Some see them as a blot on the landscape while others believe they could be the future of green energy, but today, those who believe wind turbines are a rural monstrosity have welcomed new rules that could make it easier to stop them from being built.
The Government has published new rules which mean communities will be consulted sooner, but those which say yes to turbines could get financial incentives. James Webster has more.
Campaigners against proposed wind farms say they welcome changes that could make it easier for them to block plans for new turbines. Howard Ferguson leads a group of demonstrators in North Yorkshire who have spent four years trying to block a proposed new wind farm development.
The government has announced changes giving communities more say in the siting of onshore wind farms, and reap increased benefits from hosting developments that do proceed. Consultations will take place sooner and there will be an increase in the value of community benefits paid for by developers.
New planning guidance will make clear that the need for renewable energy does not automatically override environmental protections and the planning concerns of local communities. It will give greater weight to landscape and visual impact concerns.
Ministers will be writing to the Planning Inspectorate and councils immediately to flag up that new guidance will become available shortly. Government will also assist local people to gain the skills they need to enable them to engage more confidently with developers.
RenewableUK, an energy trade association, said the government's proposals of giving communities a financial "sweetener" for having wind farms in their area was "uneconomic."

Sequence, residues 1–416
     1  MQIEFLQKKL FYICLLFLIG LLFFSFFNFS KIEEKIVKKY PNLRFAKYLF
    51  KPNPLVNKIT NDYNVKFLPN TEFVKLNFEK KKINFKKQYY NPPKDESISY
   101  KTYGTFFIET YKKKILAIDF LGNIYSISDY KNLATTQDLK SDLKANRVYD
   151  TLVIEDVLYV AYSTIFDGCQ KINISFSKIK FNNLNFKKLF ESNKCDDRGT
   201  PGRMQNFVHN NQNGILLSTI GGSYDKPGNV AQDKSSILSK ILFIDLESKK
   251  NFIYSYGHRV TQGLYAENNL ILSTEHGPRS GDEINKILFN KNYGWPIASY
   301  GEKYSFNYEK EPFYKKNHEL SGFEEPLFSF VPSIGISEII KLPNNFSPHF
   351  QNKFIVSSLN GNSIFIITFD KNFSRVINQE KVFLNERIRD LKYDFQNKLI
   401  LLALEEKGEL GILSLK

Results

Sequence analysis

Developing wind farms requires a significant amount of investment to be made upfront.
Adding to this cost, by following the Government's advice that we should pay substantially more into community funds for future projects, will unfortunately make some planned wind energy developments uneconomic in England, so they will not go ahead and that is very disappointing.
That said, we recognise the need to ensure good practice across the industry and will continue to work with Government and local authorities to benefit communities right across the country which are hosting our clean energy future.
Residents will be able to stop the construction of wind farms under new guidance which puts people's concerns over the need for renewable energy.
As part of a package of measures that will significantly increase the amount of money communities will receive for agreeing to host wind farms nearby, the changes include hundreds of pounds off energy bills for householders.
Energy Secretary Ed Davey said the Government remained committed to "appropriately sited onshore wind" but a Downing Street source said David Cameron felt it was "important that local voters are taken into account."
However concerns have been raised that the new rules will mark the end of new onshore wind, making it harder to build wind farms, with not many communities keen to take up the "sweetener" of payments.
The renewables industry said that the much higher rate of payments would make some developments uneconomic and prevent them from going ahead.